Returning to The Parish, the argument of ‘save our local’ doesn’t hold up enough substance and never will, so regulars to the pub and anyone reading this post, wherever you are, should take into account the following points. It is worth bearing in mind the pub’s history (discussed earlier), it’s listed status (also discussed earlier), and it’s potential as a tourist venue in recent times – given that people will travel from further afield to see bands such as the aforementioned. In the face of venues in bigger cities such as Sheffield, Leeds and Manchester, The Parish can be considered one of Huddersfield’s success stories in terms of an alternative venue outside the major cities, putting Huddersfield on the alternative scene map. Such things are nothing new, and Huddersfield is a larger town than many, but considering the live music power base lies within the cities; The Parish’s achievement is no small feat.
So that’s your lot. Any of you ever hoping to catch G.U. Medicine live again, should you not have been in attendance here, have more than likely missed the boat. G.U Medicine signed off in style, delivering a typically raucous set to a packed out crowd in Huddersfield, rallying through a set comprising of their best material from over the years. Songs like ‘Needles and Pins’ and ‘Alcoholocaust’ hit the mark just like they always did and will always do, and damn you can headbang like always to ‘Dirty Little Girl’. Original guitarist/vocalist Lee Storrar rejoined the band to sing ‘Lords of Oblivion’ and Mr. Shiraz vocalist Mikey Baird even got up at one point to sing ‘The Right Time’ with the band. It was a party atmosphere that embodied what the band were all about – sleaze, danger, booze, and all out rock action. The cans of Carling dotted around the stage should have hinted at that alone, if not the band’s association with Jagermeister which has been prevalent over the last couple of years. Now the UK is one more quality rock band short. We probably can’t hold out much hope for a G.U. reunion, at least not in this vein, but this was a fitting finale nonetheless.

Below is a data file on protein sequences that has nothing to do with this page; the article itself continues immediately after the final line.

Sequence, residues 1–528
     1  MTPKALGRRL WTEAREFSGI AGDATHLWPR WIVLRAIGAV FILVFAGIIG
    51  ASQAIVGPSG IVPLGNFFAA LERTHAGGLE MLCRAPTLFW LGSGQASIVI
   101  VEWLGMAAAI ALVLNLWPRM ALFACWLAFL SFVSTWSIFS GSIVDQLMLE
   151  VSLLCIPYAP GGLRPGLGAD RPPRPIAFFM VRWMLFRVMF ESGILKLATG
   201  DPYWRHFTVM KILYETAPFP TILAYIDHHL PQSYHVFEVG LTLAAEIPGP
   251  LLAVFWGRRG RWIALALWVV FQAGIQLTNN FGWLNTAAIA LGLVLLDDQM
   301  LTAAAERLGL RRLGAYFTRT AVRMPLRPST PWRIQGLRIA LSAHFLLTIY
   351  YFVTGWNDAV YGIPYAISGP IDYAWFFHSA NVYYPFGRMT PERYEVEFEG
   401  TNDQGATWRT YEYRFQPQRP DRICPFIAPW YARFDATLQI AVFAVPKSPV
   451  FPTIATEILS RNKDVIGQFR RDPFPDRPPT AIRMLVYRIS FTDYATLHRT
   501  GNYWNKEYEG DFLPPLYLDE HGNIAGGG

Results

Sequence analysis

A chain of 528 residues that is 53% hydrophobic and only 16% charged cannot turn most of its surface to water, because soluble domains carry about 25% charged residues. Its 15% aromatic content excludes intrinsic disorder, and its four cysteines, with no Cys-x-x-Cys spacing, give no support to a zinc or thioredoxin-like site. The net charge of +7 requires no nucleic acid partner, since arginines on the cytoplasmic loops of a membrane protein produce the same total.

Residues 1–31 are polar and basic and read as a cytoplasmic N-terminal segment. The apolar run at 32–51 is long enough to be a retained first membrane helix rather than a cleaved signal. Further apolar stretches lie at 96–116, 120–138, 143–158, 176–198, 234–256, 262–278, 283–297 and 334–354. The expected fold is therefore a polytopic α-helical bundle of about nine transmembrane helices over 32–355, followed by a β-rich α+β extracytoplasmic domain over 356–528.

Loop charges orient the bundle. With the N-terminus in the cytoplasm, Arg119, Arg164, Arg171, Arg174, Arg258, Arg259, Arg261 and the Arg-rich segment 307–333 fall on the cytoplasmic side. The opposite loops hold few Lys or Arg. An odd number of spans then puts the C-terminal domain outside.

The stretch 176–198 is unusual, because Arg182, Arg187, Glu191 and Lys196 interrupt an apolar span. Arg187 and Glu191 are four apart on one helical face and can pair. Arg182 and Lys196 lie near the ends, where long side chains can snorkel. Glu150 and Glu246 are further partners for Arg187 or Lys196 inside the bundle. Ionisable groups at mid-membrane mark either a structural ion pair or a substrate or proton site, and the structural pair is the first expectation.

I could use other musical examples, but where’s the fun in that? Everybody knows AC/DC deliver good riffs, Ramones great three-chord melodies and The Wildhearts deliver cracking choruses again and again. I don’t need to go over them all the time. So to get to the point, on their fifteenth studio album ‘Utilitarian‘, have Napalm Death’s standards slipped? Not a chance. The Birmingham grindcore legends post-millennium renaissance continues on its constantly rising boom in stark comparison to the world economy’s bust, and, even in a genre where is in rude health at present, one of the scene’s forerunners is back to rightfully reclaim their throne.
The best sludge metal is often mired in nihilistic rage, misanthropy and sheer fuck-it-all attitude. It’s heavier than a herd of elephants riding a gam of whales, if such a thing ever came to fruition. Fister, if you didn’t know, play real heavy sludge/doom metal, and they don’t mess about when it comes to pounding your head with slow megaton riffs and the loud beat of the drums, in much the same fashion as described above.
‘Violence‘ is five different tracks but could well be one track divided into five parts, given the song titles and the fact each song flows into the next one. Vocals are kept to a minimum here, but where they do crop up, they’re as standard for this sort of music – nasty, savage and raw. And save for ‘Violence III: Trail of Tears’, a sparse acoustic, instrumental number, each track takes you further and further into the sonic abyss.
It’s delightfully miserable and the production is perfect for what they’re pitching. They can go long stretches, such as in opener ‘Violence I: Forced Extinction’ where feedback rings out over the heavy boom of the drums, and it sounds just right. It sounds like they could have recorded it in an underground trench with all the rats and other horrors, though its nowhere near lo-fi, much more akin to Eyehategod’s older records instead.
I find it incredible that three records in, Fister are still independent. Maybe they just want it their own way, which is fine. Because they seem more than capable of annihilating one listener after another. ‘Violence‘ is unquestionably their best work yet, but Fister themselves surely know the bar has been set, and is unquestionably more than capable of being bettered.